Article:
I would like to begin with a true story, an episode of a few decades ago. A young woman had come to her parental home during her first pregnancy. Her father was a reputed doctor in a small temple town called Srivilliputtur. The delivery was normal and the baby was healthy. Baths and diets were all taken care of in traditional style.
When the baby was five months old, travel arrangements were made for the mother and baby. New clothes for her husband’s family, and loads of the customary sweets and snacks, personal effects of the young mother and the infant’s silver cup and spoon — all were packed. Every detail was checked and they reached the station in the doctor’s car followed by a jutka (horse-cart) with the luggage. When they reached the station, each asked the other, “Who is holding the baby”? No one was. They rushed back to find the baby fast asleep in his crib, where he had been forgotten. They managed to get back to the railway station in time, catch the train, with the baby safe in the mother’s arms. A happy ending!
You might wonder how this anecdote is connected to the theme of focusing on young children. Well, it’s a metaphor for what often happens in schools and particularly in preschools. There is a curriculum, neatly typed on every table, daily time tables up on the wall, age-appropriate play materials, colourful furniture, the loud school bell, well-turned out and often well-trained teachers, and airy classrooms. The focus is on the setting. In the process of organising everything, the child is often neglected.
And such diffusion of focus is not only in schools. I have attended seminars and conferences on early childhood, where one would hear three or four learned presentations in a session, with no specific mention of the words “child” or “children”. Of course, the child’s presence was implicit, but I am keen to make that presence explicit and remind this audience of the wonderful talent children have for creativity and spontaneity.
Odi vilayadu paappa is the first line of a well-known song by freedom fighter and patriot-poet Subramania Bharati. It’s addressed to a young girl, urging her to run and play with her friends and be joyful. It celebrates childhood and the spontaneous play of young children.
The play experiences of children form the first source of their education. As teachers, through our interventions we should guide and stimulate, nurture them through play, assisting them to enhance their observations, allowing each child to make joyful discoveries of nature. We should promote their talent for forming natural friendships, provide settings where they can develop confidence and sense of self. Singing, dancing, miming, story-telling, painting and clay modeling are activities in which every child can participate and experience delight and empowerment.
Most parents focus on cognitive learning or the development of specific physical skills, which result when children play. What adults often miss is the emotional development inherent in play activities. Starting with including a newcomer or ensuring that no one in the group is treated unfairly, several kinds of emotional intelligences are enhanced during children’s play.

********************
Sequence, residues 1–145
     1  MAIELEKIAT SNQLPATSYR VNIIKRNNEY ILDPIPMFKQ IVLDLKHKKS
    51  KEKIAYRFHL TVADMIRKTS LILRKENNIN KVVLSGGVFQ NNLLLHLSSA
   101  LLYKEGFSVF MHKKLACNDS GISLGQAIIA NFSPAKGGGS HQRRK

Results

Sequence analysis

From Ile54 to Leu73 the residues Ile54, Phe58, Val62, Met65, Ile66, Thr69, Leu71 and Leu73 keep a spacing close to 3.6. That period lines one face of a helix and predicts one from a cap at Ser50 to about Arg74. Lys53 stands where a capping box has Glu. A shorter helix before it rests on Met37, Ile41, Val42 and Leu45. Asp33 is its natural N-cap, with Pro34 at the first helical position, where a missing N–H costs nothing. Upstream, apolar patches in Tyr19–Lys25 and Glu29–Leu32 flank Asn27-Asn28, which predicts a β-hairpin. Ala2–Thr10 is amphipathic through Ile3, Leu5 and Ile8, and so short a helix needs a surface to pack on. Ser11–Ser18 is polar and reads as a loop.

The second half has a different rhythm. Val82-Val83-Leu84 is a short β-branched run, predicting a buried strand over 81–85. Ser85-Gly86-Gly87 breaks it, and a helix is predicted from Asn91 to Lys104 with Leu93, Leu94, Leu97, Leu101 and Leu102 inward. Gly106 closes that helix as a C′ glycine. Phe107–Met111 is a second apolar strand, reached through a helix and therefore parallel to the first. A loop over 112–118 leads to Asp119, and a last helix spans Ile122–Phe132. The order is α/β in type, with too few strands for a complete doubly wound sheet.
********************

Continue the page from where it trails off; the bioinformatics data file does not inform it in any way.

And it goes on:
Cooperation among themselves is one of the fundamental principles in children’s play. They will not be able to play even a simple game of Hide and Seek without all of them agreeing to the rules and adhering to them. Sometimes when a younger or handicapped child joins a group, a consensus will soon develop on making some concession on distance or speed or scoring for that child. This happens as part of group dynamics, if the group is congenial and has no bullies.
Everything a child learns is through observation, imitation and playing. Children who investigate the world around them should be supported and encouraged. A dominant adult’s presence could be overpowering and hence counter-productive to children’s natural learning. However, a caring adult’s presence is both a necessity and advantage in the early years.
You may know that doctors are required to take the Hippocratic Oath, a kind of honour code for the practice of their profession. I find there is no equivalent code for teachers. I have therefore created a Socratic Oath for teachers. The oath varies a little depending on the age of pupils. Towards making it relevant for early childhood educators, I have adapted it slightly for them and for caregivers of the very young.
The Socratic Oath for preschool teachers I have devised reads as under:
• I will always listen to children in my care and not dominate the class or scare them. In the process, I will get to know each child.
• I will not make comparisons of children with each other or rank them and I will make sure there is no gender, class or caste bias in my class.
• While acknowledging that some rules are necessary for the regular functioning of my class, I will always consider the context in which any rule is administered and permit myself some flexibility.
• Accepting that all children are creative and original, I will avoid monotony and provide a variety of situations for children’s self-expression.
• I will not punish any child physically or by humiliation, remembering that compassion and a sense of fairness are the best tools for discipline.
• I will treat parents of the children in my care as friends, who are concerned with their children’s development and well-being.
• I will be inclusive in my approach and not allow any child to be isolated or rejected because of disability or difference. I will strive to create a classroom where children are happy.
(Dr. S. Anandalakshmy is former director of Lady Irwin College, Delhi and currently advisor to several NGOs)